Women and minorities are losing ground in cannabis company executive ranks, study finds. The report from the Marijuana Business Daily found that women made up just 17 percent of all executives last year.
The msos etf is a new study that found that women and minorities are losing ground in cannabis company executive ranks.
The legal cannabis industry has always strived to be as mainstream as possible in order to get into the huge consumer market in the United States and Canada.
Unfortunately, in terms of uneven representation of women and minorities in top positions, the sector may be reflecting the rest of the corporate world.
According to a study published Monday by MJBizDaily, the proportion of senior roles held by women and minorities in the U.S. cannabis sector has decreased from two years ago as white males have moved into the industry.
‘While social justice efforts and cannabis legalization are becoming more linked, there is still no silver bullet to fix the situation. However, it is heartening to see new markets trying to improve on previous programs and older markets working to fill up the gaps that still remain.’
According to the study, the percentage of women in senior positions at cannabis businesses dropped to 22.1 percent in 2021 from 36.8 percent in 2019. The most recent figure falls short of the national average of 29.8% of women in executive positions across all industries in 2020.
Minorities had 13.1 percent of executive roles in cannabis businesses in 2021, down from 28 percent in 2019. In this regard, the cannabis sector is on par with the national average of 13 percent of executive positions held by minorities in 2020.
According to MJBiz, industry experts believe that women and minorities lost momentum as white males rose to the top of the corporate ladder, partially because white men provided “established access to capital” to help businesses expand.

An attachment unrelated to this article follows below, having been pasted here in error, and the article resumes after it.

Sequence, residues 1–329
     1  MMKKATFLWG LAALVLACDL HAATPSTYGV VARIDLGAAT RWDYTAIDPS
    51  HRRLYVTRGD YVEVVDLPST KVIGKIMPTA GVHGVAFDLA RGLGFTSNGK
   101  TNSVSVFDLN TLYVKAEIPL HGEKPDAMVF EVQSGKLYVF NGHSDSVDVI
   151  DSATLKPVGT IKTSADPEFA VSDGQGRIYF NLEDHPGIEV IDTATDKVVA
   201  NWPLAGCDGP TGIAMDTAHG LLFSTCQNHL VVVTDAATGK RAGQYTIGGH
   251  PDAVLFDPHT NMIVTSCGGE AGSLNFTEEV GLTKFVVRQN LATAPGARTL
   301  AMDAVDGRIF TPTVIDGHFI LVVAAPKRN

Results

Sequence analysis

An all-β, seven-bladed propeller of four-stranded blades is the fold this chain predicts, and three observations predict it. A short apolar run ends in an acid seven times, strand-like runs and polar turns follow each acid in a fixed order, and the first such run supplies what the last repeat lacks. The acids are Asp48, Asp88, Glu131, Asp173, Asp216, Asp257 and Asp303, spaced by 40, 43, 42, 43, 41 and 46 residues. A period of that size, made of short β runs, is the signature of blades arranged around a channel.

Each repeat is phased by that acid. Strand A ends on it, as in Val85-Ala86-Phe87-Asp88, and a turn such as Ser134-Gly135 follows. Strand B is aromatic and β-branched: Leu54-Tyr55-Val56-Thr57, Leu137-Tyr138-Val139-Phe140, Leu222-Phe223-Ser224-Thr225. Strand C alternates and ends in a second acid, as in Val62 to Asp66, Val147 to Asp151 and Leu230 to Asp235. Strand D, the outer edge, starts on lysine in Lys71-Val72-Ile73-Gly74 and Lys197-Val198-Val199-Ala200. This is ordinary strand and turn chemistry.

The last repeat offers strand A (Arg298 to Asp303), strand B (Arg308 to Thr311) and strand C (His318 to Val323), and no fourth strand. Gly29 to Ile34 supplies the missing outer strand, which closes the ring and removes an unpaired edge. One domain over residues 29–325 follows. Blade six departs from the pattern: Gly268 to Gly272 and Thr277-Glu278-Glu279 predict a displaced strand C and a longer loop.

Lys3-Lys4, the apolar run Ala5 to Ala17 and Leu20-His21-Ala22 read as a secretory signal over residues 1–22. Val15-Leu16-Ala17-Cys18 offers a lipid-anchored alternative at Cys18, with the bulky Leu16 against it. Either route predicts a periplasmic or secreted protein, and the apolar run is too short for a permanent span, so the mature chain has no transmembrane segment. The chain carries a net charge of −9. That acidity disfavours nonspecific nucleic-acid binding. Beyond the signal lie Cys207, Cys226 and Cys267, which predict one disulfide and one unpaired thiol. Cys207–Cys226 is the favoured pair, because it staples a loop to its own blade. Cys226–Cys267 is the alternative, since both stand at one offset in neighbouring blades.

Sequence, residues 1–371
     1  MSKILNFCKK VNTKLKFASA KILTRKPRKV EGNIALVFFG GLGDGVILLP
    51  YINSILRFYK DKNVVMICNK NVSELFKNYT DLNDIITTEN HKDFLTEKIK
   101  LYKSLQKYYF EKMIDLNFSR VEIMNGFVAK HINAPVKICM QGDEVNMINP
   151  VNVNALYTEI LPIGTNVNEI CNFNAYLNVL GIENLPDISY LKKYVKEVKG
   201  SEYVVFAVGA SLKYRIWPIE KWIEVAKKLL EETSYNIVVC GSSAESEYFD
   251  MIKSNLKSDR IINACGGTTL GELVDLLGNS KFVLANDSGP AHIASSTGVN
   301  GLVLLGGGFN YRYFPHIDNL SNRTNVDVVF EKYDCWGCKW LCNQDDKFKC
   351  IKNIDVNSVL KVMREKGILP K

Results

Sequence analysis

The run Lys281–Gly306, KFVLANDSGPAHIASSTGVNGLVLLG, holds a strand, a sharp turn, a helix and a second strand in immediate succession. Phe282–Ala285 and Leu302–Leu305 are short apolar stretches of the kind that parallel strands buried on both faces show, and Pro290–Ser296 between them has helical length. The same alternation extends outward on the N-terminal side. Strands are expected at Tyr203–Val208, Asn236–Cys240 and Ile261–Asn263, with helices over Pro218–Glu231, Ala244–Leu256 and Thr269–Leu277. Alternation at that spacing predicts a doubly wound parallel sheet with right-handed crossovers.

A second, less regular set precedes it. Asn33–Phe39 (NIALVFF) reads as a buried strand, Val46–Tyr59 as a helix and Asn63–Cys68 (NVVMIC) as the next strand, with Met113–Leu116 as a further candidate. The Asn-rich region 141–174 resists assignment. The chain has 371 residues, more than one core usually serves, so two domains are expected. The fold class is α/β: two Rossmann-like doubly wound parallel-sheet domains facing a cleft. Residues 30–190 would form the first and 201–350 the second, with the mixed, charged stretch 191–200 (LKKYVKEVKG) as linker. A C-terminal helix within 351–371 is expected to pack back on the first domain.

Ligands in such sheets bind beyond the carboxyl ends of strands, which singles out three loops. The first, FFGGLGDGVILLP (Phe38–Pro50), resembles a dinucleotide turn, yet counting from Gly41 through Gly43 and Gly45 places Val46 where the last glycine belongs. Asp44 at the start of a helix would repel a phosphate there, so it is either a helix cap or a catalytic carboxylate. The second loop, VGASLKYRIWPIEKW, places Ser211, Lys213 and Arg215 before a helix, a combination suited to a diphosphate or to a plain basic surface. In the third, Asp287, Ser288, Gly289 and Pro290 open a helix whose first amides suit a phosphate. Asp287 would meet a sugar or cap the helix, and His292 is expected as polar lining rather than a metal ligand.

According to MJBiz, more executives from traditional industries are entering the cannabis business, increasing the rise of white males in positions of authority.
Despite attempts to encourage diversity, Jenel Stelton-Holtmeier, editor of the study at MJBizDaily, said racial and gender diversity in the marijuana sector is still missing, especially in ownership and leadership roles.
“Social equality efforts and cannabis legalization are inextricably intertwined,” Stelton-Holtmeier said, “but there is still no silver bullet to change the landscape.” “However, it is heartening to see new markets trying to improve on previous programs and older markets working to fill up the gaps that still exist.”
The study revealed that the sector’s diversity effort isn’t the only issue it’s dealing with. There is also a scarcity of statistics on minority and female-owned companies.
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“Only a few states offer comprehensive data on property ownership demographics, and those that do do so in a variety of ways. As a consequence, the data team at MJBizDaily gathered a sample of data from a few markets to give an overview of the industry,” according to the study.
According to Stelton-Holtmeier, several good improvements have already occurred since the initial study was released in 2017. People with prior drug offenses are no longer prohibited from operating a marijuana company in several states, which was not previously the case, for example.
As the industry meets in Las Vegas on Oct. 20-22 for the MJBizCon: Marijuana Business Conference and Cannabis Expo, MJBiz published its 2021 study, “Women & Minorities in the Cannabis Industry.”
Industry players are trying to rectify inequities in the business as states like as New York build their regulatory structures for the legal adult use market.
States have begun granting social justice licenses to communities affected by the War on Drugs, but many of them have been unable to collect funds.
THCX, -3.86 percent has lost 2.4 percent year to date, while the AdvisorShares Pure US Cannabis ETF MSOS, -3.03 percent has lost 29 percent and the S&P 500 SPX, -1.30 percent has gained 14 percent.